The Daily Dirt: Why a casino was not in the cards for Vornado 

Steve Roth is not a gambling man

Vornado’s Steve Roth Casino Bid Decision
Vornado's Steve Roth and 2 Penn (Getty, Vornado; Illustration by Kevin Rebong for The Real Deal)

Three casino licenses and at least nine NYC bidders. Steve Roth did not like those odds. 

In his letter to shareholders, the Vornado Realty Trust CEO took a moment to explain why his company decided against entering the competition for one of the downstate casino licenses — even though it advocated for a casino in Manhattan. He also showed that he too loves a gambling puns.  

Roth said that while Vornado “may well have had a winning hand” with the Hotel Pennsylvania site, the “single most important financial imperative” for the company is completing leases at its revamped Penn 2. 

“It became very clear that the tenants who would fill this space would not locate across the street from a casino,” he wrote. 

He went on to say that he figured the odds of Manhattan getting a casino was no more than 50-50, and the chances of any individual site winning was around 10 percent. 

“So two billion dollars of value creation vs. a 10 percent chance in a long-tailed governmental process – this was an easy call,” he said.  

Now, if you will, please picture the face of Steve Ross, Marc Holliday, Larry Silverstein or Stefan Soloviev superimposed on Han Solo here because they are all taking that bet with Manhattan-based casino proposals: 

Vornado has nearly completed its $750 million renovation of the 1.8-million-square-foot office building at Penn 2. Madison Square Garden Entertainment agreed to a 20-year lease for the top seven floors of the building, spanning 428,000 square feet. Major League Soccer recently inked a deal to lease two floors. If you walk by there now, you can actually see the building’s entrance rather than a maze of construction sheds. Pretty neat!

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Roth’s letter, sadly, does not elaborate on the plans for the site of the former Hotel Penn, which has been demolished and (still!) goes by Penn 15. The company is reportedly considering a number of interim uses, including tennis courts for U.S. Open matches.  ¯\_(ツ)_/¯

What we’re thinking about: More than 40 lawmakers have indicated that they do not support trading an increase on individual apartment improvements for an amended version of good cause eviction. What will this ultimately mean for budget negotiations? Send a note to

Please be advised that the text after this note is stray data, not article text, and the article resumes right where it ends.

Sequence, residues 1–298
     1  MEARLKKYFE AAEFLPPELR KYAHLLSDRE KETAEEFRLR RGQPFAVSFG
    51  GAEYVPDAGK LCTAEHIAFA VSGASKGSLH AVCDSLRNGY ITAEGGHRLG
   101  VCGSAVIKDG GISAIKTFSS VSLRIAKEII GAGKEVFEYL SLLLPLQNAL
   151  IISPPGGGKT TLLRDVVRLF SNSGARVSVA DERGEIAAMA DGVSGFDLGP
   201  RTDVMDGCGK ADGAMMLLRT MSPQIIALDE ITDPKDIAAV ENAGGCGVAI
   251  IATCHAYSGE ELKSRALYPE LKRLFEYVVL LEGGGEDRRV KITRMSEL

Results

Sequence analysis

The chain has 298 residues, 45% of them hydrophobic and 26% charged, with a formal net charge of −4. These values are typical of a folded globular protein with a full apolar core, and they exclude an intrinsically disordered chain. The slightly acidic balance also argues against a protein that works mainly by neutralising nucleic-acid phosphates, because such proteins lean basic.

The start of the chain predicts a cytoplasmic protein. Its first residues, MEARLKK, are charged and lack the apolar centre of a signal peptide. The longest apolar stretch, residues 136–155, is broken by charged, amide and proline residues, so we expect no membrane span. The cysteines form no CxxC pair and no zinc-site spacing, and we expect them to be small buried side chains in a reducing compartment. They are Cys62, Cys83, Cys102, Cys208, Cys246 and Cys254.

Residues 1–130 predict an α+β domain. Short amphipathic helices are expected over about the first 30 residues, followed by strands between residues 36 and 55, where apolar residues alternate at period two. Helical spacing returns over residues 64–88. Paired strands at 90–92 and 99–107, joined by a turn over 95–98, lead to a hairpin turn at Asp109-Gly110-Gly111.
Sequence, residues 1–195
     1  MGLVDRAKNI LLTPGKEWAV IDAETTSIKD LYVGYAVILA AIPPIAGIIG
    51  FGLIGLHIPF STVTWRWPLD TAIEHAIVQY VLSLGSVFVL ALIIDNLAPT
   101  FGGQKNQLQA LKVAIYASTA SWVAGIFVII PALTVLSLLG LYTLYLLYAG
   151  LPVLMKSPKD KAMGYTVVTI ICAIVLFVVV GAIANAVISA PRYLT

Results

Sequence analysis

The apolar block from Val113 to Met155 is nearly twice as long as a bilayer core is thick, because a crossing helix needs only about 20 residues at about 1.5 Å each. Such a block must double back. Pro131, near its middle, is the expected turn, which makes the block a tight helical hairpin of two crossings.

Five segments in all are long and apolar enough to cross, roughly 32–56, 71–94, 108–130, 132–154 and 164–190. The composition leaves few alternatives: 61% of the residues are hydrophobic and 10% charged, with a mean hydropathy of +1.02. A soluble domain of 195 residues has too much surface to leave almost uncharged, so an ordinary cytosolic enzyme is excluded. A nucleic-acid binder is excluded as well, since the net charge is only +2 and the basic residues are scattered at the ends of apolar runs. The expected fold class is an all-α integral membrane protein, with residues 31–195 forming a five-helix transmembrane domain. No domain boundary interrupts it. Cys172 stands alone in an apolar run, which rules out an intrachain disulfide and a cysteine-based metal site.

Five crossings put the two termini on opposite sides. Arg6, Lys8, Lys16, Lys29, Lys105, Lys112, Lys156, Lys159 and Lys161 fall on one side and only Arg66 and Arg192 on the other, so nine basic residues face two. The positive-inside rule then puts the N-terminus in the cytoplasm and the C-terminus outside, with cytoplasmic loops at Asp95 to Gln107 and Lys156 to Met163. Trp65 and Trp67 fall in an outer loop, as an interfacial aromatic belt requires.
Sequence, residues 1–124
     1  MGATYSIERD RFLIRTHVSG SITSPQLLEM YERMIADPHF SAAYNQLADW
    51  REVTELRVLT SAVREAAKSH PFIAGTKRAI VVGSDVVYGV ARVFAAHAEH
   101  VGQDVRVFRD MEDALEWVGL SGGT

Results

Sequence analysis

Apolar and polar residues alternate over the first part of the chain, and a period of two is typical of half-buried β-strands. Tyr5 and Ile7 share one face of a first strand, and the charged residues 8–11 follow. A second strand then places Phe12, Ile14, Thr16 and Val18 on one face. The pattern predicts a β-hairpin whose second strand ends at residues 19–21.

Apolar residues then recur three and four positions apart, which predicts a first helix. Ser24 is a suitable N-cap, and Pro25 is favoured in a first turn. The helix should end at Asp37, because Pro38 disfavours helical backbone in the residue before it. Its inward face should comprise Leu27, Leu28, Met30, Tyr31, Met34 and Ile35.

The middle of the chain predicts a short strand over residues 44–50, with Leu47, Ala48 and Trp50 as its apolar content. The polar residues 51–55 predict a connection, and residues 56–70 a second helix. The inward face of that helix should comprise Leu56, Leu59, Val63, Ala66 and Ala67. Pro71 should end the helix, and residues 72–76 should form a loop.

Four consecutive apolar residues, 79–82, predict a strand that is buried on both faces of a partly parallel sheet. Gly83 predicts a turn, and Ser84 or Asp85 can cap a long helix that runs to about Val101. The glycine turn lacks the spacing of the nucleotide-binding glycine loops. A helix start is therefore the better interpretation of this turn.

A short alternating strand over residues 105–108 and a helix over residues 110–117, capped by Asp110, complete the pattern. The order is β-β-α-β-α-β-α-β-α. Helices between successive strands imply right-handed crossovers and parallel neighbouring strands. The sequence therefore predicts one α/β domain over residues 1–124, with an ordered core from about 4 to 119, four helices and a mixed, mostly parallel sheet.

A thing we’ve learned: The city is expected to release the draft text for the City of Yes for Housing Opportunity Thursday. On Wednesday, the Yes to Housing Coalition, which is made up of 125 organizations, held a rally in City Hall Park to promote the text amendment, which will, among other things, lift parking mandates for new residential construction and create a path for higher residential density, in the event that Albany lifts the city’s residential floor area ratio cap. 

After the rally, developer Jerrod Delaine said he was hopeful that more real estate industry folks will publicly lend their support to the proposal. 

“Many of us want to invest more in New York City,” he said. “The demand is there.”

Also in attendance was Slate Property Groupp’s David Schwartz, who said parking mandates in transit-rich areas needlessly increase the cost of building and lead to fewer housing units being built. He conceded that there are some areas that require more parking than others. 

After the rally, the Association for Neighborhood & Housing Development said they are concerned that the Adams administration has not yet specified the affordability levels of apartments in buildings that are granted a density bonus through a new program dubbed the Universal Affordability Preference.  

“We are very concerned that there will not be enough time before the start of the formal review process for community members to digest the full proposal and be able to participate in the decision-making process in an informed and constructive way,” Emily Goldstein, director of organizing and advocacy, said in a statement. 

Elsewhere in New York…

— April is Fair Housing Month, in honor of the passage of the Fair Housing in April 1968. Gov. Kathy Hochul announced that various state landmarks, including One World Trade Center, Moynihan Train Hall and the Kosciuszko Bridge, will be lit blue Wednesday night to commemorate the 56th anniversary of the law’s passage. 

— City Council Speaker Adrienne Adams is not crazy about the mayor’s new policy requiring elected officials to fill out written requests to speak with commissioners or other senior agency staff, the New York Daily News reports. The speaker told her members to ignore the directive. “The Council will not be adhering to this excessively bureaucratic and inefficient process that only undermines the work of city government on behalf of New Yorkers,” the speaker wrote in a letter to members. “I encourage you to go about your business on behalf of your constituents and New Yorkers, as usual.”
— The Adams administration on Wednesday announced the opening of parcel storage lockers in seven locations in the city in an effort to curb package theft, Gothamist reports. “We want to send a message to the porch pirates that your days are over of sailing away with our packages,” the mayor said.